Although different personalities bring out different coaching strategies and expectations, when you look at the top names in NFL coaching, patterns begin to emerge. Coaches generally have:
- A long history in the game, whether as a player, as staff, or as a coach in college-level play.
- A keen eye for talent – looking past the glam and sparkle of a top name to actually make the hard decisions about whether a certain player is the best in their position to help the team move the ball.
- An intense interest in stats. Not just the basics, but also the deep data that can really help them make important decisions.
- The ability to show up from the first day of off-season practice, through pre-season, to every one of the 16 regular season games, and straight on through the post-season. On the field, in the locker room, on the practice grid, and in the tape room on off days.
- The ability to balance motivation and ego-stroking with making and enforcing the tough decisions.
- The willingness to back their players when officials or the owner make a bad call, but the wherewithal to know when it’s best just to regroup and move on.
Here is the point: successful NFL coaches are both scientists and artists. They manage people and projects with equal skill. And they use their strong backlog of experience to help themselves and the team continue to succeed.
How an Agile coach is similar to an NFL coach.
The same basic patterns apply to a successful Agile coach, who will do wonders in keeping your projects on track being:
- Well-versed in Agile methodologies and able to look back on a role as a scrum master or product owner, and on dozens – perhaps hundreds – of Agile projects for inspiration and education.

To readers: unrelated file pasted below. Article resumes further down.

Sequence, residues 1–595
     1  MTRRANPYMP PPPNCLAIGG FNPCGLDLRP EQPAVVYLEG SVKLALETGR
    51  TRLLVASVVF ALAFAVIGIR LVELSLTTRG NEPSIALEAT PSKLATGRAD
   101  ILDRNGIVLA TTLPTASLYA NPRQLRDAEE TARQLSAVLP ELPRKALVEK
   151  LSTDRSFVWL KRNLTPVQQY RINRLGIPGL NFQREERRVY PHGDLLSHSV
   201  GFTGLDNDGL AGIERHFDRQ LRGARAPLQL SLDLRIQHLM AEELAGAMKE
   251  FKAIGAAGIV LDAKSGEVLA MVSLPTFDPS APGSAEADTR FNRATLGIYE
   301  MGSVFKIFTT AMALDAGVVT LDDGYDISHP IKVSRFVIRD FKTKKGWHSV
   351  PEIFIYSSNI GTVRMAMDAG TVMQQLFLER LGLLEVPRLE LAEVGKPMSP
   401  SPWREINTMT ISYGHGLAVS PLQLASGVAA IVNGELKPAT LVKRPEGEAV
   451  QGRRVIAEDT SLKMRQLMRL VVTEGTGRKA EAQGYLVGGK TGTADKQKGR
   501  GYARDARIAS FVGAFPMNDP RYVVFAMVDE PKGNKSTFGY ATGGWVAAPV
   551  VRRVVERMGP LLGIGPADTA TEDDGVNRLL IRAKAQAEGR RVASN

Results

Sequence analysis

- Adept at managing projects and people within the Agile framework. They realize some issues within a team can be resolved with a little soft-skill people management while others may require a more practical project-oriented approach.
- Able to make tough decisions and knowing there is no benefit in delaying or sugarcoating a tough call. They aren’t out to hurt anyone’s feelings or make anyone’s job harder, but the success of the project and the team as a whole outweighs the ego of one team member, and the coach knows when to make that sacrifice.
Perhaps the greatest correlation between an Agile coach and a coach in the NFL is the inspiration and training they give to their team members. In the NFL, this dedication means many players go on to successful coaching jobs after their playing days are over, being able to look back on the examples set by their own coach.
Likewise, Agile team members inspired by a great Agile coach can achieve the goal of being a successful Agile coach themselves.
An Agile coach keeps your Agile projects on track
An Agile coach is especially helpful during Agile transformation because their wealth of experience provides a valuable resource your teams can rely on.
When a project is going well, you can expect your Agile coach to keep an eye on things and optimize the aspects of the project that are succeeding. When a project is starting to falter, that same coach can jump in with helpful suggestions and sometimes make difficult decisions that will reach the heart of the issue and resolve it before too much time, money, or effort is wasted.
If you’d like to learn more about what an Agile coach does, or dive deeper into the training and coaching options cPrime offers , we welcome your questions. A custom Agile workshop may be just what your organization needs to benefit fully from a successful Agile coach.